This course may be taken individually or as part of the Professional Certificate Program in Innovation & Technology.
2020 has been a year of reckoning for humanity. In the face of the pandemic, every aspect of human life has had to be rethought in one way or another: how we live, how we learn, how we work, how we shop, and how we move. Countries, companies and individuals in the working world have had to go through a transformation—a collective Apollo 13 period that has stretched over a year—to rethink, to restructure and to retool. The 21st century, it can be said, really begins now. 2001, after all, was merely a continuation of the 90s. But the planet has just gone through a digital transformation of a scale that is hard to capture in words.
We are now tiptoeing our way into a new normal—or as the Chairman of Moderna puts it, into a new abnormal. Innovation will not anymore be an important exercise, but rather an approach to life. Fortunately, we have learned much about innovation over the last 20 years with the growth of new technologies, new business models and new approaches to continuous, dynamic shape-shifting transformation to stay abreast of the times.
The term “innovation” has gone from an exotic good-to-have to a survival mechanism. But what does it mean? Where and how does one apply it? Does everyone need to heed the call for innovation? The answer clearly is “yes.” Whether you operate taxis or rental cars, whether you run a law firm or a dentist’s office, and regardless of how high-tech or mundane your work is, the irresistible winds of change either already have or will at some point impact your business. The objective of this class is to cover some of the salient features of modern innovation practices and to lay out the philosophy, tools, procedures, and incentives that an organization can adopt to drive innovation.
This course was previously titled "Radical Innovation."
- Understand how to identify and evaluate new innovative products and businesses.
- Review and understand different ways to create an innovation culture.
- Formulate a corporate plan for invention and continuous generation of new offerings.
- Develop a new design language and adopt the idea of “inversion” as an approach to creating value.
- Understand the supporting legal and IP requirements and how to set up an intellectual property strategy for the company.
- Incubate, refine, and grow a portfolio of innovative new businesses/products.
Who Should Attend
The course is taught from a technology viewpoint and is targeted at technical leaders, executives in charge of product or company strategy, and product managers. Typical titles will include: CTO, Head of Strategy, CIO, Head of R&D, Product Manager, Director of Lab, and Group Leader. Government leaders are particularly welcome.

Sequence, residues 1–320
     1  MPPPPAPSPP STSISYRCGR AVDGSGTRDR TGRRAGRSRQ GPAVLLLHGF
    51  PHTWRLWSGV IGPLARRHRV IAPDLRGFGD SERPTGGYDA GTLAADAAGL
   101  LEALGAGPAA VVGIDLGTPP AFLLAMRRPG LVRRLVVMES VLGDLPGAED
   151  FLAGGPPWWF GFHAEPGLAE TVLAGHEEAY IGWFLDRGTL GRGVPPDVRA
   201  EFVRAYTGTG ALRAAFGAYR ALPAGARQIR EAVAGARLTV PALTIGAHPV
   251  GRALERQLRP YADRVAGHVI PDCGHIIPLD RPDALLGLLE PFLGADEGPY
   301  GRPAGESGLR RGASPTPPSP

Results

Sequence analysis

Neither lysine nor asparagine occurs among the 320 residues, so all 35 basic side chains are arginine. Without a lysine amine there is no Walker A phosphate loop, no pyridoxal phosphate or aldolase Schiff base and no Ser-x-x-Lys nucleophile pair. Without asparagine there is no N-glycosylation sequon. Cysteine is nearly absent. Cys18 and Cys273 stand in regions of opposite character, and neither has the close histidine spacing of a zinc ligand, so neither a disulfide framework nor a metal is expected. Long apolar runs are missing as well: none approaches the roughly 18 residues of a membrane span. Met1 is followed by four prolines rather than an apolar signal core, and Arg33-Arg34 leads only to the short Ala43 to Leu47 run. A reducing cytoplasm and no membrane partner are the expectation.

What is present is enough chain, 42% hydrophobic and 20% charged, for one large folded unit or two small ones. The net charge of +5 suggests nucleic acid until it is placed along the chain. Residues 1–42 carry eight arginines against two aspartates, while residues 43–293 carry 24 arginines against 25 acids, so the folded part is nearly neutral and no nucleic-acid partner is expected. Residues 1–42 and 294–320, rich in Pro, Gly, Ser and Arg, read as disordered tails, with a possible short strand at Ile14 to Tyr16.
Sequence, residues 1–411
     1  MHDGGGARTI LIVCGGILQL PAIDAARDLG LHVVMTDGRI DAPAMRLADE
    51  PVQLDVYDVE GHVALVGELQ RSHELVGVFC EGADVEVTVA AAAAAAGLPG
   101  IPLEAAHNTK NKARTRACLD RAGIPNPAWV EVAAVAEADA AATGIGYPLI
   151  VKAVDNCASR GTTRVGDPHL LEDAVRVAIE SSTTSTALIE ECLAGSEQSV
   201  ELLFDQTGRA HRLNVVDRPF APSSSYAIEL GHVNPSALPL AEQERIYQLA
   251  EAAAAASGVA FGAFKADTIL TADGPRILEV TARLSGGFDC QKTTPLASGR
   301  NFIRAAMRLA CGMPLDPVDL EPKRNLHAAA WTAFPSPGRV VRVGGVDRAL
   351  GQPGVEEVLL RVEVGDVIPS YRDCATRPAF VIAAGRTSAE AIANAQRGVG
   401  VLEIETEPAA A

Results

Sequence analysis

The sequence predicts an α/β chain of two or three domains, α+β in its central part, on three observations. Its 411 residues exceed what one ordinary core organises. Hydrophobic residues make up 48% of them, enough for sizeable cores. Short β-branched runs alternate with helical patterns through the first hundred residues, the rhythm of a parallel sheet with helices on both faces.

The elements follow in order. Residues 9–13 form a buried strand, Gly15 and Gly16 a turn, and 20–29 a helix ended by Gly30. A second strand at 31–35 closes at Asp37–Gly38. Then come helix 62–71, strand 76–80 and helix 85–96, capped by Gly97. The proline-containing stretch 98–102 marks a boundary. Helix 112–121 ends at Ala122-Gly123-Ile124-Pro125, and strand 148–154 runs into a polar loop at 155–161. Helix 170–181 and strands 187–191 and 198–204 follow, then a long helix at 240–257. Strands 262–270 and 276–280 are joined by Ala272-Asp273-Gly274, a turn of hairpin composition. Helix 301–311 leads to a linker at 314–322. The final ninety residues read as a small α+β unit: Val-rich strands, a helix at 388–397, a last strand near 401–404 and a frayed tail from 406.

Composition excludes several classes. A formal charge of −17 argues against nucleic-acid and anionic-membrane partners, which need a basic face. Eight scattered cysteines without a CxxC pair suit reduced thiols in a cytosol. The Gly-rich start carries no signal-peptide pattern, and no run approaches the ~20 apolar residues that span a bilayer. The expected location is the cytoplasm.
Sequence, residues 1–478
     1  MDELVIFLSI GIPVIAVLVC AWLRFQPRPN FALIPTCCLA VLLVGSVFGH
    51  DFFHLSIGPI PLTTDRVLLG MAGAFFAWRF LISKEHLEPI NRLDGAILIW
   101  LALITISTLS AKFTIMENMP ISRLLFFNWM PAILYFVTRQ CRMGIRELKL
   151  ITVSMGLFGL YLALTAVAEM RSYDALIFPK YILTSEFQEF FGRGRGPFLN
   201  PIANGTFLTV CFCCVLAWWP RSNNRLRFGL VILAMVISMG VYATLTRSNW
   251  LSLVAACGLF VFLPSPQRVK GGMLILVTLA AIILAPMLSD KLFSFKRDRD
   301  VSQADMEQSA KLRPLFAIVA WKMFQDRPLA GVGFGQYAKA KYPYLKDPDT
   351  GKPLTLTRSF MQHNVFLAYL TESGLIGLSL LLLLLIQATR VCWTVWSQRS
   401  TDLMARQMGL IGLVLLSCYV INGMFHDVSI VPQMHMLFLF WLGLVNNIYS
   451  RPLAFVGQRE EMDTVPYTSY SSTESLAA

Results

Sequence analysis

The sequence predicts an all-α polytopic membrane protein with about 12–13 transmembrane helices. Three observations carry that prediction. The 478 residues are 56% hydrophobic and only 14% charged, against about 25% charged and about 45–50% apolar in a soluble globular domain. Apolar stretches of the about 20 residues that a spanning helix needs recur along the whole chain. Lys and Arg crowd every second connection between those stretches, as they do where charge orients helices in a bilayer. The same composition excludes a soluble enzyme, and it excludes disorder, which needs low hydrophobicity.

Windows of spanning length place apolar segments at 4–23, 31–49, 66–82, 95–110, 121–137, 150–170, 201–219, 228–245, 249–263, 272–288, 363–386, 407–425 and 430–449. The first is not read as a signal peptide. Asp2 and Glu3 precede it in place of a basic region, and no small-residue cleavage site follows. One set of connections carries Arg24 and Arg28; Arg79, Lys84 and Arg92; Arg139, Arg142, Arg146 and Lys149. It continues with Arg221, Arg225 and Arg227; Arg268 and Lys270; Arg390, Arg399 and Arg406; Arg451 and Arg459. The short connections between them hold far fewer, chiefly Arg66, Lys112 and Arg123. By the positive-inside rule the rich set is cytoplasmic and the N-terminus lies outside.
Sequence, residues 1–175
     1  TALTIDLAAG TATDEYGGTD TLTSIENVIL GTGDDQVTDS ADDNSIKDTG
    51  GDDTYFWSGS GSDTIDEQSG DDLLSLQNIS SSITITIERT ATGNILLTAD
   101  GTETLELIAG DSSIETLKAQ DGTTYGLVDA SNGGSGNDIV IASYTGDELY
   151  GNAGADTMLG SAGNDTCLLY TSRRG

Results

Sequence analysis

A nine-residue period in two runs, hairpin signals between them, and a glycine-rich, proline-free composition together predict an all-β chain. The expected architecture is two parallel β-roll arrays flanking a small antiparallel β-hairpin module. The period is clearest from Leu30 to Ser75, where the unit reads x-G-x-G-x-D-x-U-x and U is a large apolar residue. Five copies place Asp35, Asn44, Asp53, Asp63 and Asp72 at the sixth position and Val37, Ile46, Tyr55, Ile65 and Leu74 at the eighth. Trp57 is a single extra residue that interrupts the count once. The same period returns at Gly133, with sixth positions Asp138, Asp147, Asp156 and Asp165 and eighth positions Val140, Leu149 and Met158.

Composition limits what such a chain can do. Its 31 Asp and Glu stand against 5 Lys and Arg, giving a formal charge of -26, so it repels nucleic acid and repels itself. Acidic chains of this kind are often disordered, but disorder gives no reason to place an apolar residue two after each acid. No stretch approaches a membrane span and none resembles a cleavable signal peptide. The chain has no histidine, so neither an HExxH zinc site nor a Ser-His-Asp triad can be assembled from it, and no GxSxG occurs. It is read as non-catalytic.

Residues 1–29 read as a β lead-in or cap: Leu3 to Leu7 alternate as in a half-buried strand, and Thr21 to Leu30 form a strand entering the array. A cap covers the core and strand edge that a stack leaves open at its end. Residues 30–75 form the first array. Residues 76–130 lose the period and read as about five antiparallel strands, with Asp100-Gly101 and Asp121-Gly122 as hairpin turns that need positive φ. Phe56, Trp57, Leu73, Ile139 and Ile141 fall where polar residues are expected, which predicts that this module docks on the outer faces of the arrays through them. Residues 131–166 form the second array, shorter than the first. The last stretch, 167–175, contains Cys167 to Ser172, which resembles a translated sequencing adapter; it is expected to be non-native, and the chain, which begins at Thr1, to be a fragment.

A computer with a web-enabled camera and microphone are required.
In preparation for the live virtual session, participants must complete a series of preparatory online lectures hosted by MITxPRO. Participants will be provided with access to that material by May 1.
Class runs 9:00 am - 5:00 pm EDT each day except for Wednesday when it will end at noon.
- What is innovation, and what is it not?
- Inversion: rethinking the business narrative
- Agility – the big concept
- COVID as a case study
- Creative Destruction
- Dominant Design
- Disruptive Innovation
- Lead User Innovation
- The “What if” moment.
- How innovation Is broken
- How to fix it
- Companies that have pivoted
- Innovation in 2019: what we know about the conditions
- Modern agile innovation principles
- Lean practices
- Discussion and close
Links & Resources
News / Articles:
- Radical Innovation course resonates with Italian industry professionals — Sanjay Sarma urges Italian companies to capitalize on the country's innovative heritage to launch skunkworks efforts.
- Ready Shoot Aim: Break the Analysis Paralysis Cycle to Innovate by Sanjay Sarma (Innovation Review, Autumn/Winter 2013)
- Skin Cancer Imaging Technology - Prof. Sanjay Sarma
- Sanjay Sarma appointed as MIT’s first director of digital learning
The type of content you will learn in this course, whether it's a foundational understanding of the subject, the hottest trends and developments in the field, or suggested practical applications for industry.
How the course is taught, from traditional classroom lectures and riveting discussions to group projects to engaging and interactive simulations and exercises with your peers.
What level of expertise and familiarity the material in this course assumes you have. The greater the amount of introductory material taught in the course, the less you will need to be familiar with when you attend.